But most likely we're still far from understanding it all, so this and similar books are far from definitive. I notice that Amazon wants to bundle this with Mark Mazzetti: The World Is a Battlefield -- two other key pieces to the puzzle. The Health Care Revolution: Rage, Murder, and Rebellion: A history of random massacres in the American workplace, symptomatic of something more than the occasional loose hinge.
A bit dated, especially at the post pace, which doesn't make it any less relevant. Focus here is on how the US changed from a relatively benevolent source of development aid "heaven" to a considerably more malign one "hell". I'm curious about how that maps to the political and economic changes within the US. Curious but not likely to be very surprised. Big picture history of America, strikes me as like one of those creative writing assignments meant to let your imagination run wild -- probably helps that the author has a couple of novels to his credit.
Still, shouldn't be hard to fill up pp. Nor has the election and regime of Donald Trump given us reason to doubt that we're living in a Fantasyland. Trump A So-Called Parody. Benedict Anderson, Imagined Communities: Reflections on the Origin and Spread of Nationalism Verso, paperback. Flips the tables on complaints of "black rage" in response to recent police shootings of unarmed blacks to point out the long history of intemperate rage and resistance of whites at every advance of civil rights since the Thirteenth Amendment abolished slavery.
The Dominion of War: Michael Lind's Made in Texas: George W Bush and the Southern Takeover of American Politics is probably the most convincing Bush book I've read thus far, and this seems to be along those lines. Bush and his Texas political cronies managed to take over the Republican national machine, suddenly pushing the country far right.
The more behind the money behind the better. The New Old WorldVerso: New Left Review editor and historian, surveys Europe after the Cold War, a time when Europe is widely presumed to have come into its own, but still habitually follows US foreign policy, no matter how benighted which under Bush, in particular, was pretty far gone.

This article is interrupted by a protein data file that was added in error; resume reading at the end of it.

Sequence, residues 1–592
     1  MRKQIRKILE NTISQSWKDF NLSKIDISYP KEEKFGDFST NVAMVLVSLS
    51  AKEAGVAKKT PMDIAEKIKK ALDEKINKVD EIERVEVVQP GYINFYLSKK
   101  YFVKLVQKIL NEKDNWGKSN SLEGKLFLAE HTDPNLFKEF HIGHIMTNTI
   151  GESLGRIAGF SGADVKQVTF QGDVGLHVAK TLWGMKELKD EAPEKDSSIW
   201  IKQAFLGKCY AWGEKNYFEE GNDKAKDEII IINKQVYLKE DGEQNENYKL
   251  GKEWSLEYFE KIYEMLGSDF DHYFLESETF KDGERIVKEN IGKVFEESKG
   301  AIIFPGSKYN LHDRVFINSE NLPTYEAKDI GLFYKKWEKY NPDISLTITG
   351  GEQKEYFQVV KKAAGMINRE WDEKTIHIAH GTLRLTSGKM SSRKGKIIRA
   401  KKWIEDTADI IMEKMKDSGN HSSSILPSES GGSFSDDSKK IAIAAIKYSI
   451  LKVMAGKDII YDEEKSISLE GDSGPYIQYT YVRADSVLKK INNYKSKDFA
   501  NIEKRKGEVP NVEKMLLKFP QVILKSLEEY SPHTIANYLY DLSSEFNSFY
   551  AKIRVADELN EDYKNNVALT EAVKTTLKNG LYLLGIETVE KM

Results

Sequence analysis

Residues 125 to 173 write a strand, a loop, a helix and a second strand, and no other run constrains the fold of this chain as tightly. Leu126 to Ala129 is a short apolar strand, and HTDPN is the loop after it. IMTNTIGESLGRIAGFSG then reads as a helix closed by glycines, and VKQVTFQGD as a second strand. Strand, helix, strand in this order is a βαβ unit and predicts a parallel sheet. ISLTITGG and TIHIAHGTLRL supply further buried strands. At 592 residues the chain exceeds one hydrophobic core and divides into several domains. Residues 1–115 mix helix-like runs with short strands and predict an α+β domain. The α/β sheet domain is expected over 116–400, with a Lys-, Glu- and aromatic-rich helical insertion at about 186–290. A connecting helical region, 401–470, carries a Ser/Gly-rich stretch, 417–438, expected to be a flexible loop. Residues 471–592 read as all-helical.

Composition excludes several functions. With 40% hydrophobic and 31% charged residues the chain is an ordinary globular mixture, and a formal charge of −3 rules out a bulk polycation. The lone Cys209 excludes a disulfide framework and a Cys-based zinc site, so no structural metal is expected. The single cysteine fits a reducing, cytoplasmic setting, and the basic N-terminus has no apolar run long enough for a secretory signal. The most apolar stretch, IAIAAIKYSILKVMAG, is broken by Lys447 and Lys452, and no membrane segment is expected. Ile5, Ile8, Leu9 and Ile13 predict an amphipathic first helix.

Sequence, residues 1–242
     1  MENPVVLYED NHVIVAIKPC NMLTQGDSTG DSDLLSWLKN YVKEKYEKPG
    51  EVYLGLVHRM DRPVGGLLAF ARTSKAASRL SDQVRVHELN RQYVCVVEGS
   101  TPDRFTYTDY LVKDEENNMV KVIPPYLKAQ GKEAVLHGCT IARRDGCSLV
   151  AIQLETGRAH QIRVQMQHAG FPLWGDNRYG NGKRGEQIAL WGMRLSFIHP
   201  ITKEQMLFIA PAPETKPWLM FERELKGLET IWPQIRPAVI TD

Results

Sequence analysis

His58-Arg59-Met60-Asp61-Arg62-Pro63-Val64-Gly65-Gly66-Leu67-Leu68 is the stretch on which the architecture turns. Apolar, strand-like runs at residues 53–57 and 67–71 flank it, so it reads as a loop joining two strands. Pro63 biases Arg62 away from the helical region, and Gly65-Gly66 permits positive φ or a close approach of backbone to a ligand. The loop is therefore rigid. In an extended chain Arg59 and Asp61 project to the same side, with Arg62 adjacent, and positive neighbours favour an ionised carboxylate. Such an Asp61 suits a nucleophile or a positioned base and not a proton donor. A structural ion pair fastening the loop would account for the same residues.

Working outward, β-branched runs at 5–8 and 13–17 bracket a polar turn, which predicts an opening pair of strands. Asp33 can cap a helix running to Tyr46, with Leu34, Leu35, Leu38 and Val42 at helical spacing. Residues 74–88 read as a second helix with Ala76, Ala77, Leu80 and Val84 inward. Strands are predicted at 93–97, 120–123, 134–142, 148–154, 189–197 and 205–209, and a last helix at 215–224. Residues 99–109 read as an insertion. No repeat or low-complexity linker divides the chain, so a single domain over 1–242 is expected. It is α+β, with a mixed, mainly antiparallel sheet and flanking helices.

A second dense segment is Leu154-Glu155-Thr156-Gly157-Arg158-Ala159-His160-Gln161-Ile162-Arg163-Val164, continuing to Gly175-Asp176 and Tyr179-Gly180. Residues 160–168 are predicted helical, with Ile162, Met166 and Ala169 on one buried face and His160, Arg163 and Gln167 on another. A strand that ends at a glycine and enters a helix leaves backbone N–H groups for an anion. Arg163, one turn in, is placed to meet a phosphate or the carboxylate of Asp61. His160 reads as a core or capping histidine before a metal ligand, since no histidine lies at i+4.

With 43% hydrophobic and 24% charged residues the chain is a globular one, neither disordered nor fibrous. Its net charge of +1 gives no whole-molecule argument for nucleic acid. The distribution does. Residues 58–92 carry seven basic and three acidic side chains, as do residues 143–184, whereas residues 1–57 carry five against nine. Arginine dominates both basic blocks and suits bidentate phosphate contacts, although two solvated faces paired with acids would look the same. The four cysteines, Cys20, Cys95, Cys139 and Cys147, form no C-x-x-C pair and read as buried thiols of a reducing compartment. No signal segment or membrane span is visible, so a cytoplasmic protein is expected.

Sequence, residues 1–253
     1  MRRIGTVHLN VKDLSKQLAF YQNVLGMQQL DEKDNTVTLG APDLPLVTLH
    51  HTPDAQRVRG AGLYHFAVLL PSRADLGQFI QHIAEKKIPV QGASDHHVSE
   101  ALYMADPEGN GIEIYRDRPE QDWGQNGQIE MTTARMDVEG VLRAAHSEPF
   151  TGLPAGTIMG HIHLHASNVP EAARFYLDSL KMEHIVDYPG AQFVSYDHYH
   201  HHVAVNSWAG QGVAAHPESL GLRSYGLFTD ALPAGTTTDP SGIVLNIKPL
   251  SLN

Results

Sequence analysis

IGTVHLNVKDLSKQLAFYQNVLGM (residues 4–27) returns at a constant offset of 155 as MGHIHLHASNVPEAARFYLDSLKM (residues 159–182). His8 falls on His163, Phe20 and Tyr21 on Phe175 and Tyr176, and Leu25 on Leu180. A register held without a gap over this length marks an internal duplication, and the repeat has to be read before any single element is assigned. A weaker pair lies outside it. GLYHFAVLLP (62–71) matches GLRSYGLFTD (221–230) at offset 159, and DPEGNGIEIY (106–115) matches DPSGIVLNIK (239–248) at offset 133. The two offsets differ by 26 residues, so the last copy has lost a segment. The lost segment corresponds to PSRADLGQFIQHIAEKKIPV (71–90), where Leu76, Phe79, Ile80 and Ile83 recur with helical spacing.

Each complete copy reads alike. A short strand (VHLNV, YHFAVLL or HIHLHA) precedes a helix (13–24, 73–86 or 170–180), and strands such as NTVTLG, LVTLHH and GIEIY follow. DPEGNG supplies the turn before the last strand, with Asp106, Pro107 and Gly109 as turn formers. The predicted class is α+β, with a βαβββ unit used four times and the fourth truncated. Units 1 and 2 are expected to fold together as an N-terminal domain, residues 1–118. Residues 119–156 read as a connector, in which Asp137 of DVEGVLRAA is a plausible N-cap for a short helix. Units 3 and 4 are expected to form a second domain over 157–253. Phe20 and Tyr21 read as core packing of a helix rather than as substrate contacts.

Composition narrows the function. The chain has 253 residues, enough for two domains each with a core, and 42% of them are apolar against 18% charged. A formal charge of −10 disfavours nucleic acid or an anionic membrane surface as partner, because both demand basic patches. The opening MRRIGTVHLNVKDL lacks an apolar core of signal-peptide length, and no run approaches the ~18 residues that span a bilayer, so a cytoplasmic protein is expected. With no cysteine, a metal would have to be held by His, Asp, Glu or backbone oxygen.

Every decade or two someone returns to T. Lawrence for further confirmation of the insights they've finally tuned into after further mayhem in the Middle East, yet they always miss the basic point: Bush's WarsOxford University Press: An attempt at a big view synthesis of Bush's seven-year war path, plus a bit more on Obama's prosecution of same, but at pp he'll also have to boil a lot down.
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Billed as a "balanced history," that also means he'll have to tidy up the manifest failures of policies that could hardly have been more deranged. New York Times economics writer, but mainly qualified for wiping his savings out by buying into a mortgage he couldn't afford. Could be a cautionary tale about the fickle press, but doesn't seem to be that smart, even in retrospect.
Natalie Angier, The Canon: A general book on science and what it means to think about. I bought a copy of this recently as a gift for a niece who asked me for recommended readings on science. I was impressed, delighted even, by the few pages I read in the store.
A journalist surveys the surveillance nation -- not just the NSA but your phone company and Google too -- senses that the response to surveillance will be self-censorship to the point of losing freedom, and tries to figure out ways to cope, even to carve out some measure of privacy. The Economics of Happiness: Building Genuine Wealth paperback,New Society: Asks why people aren't happier given the amount of economic growth that has occurred since the s.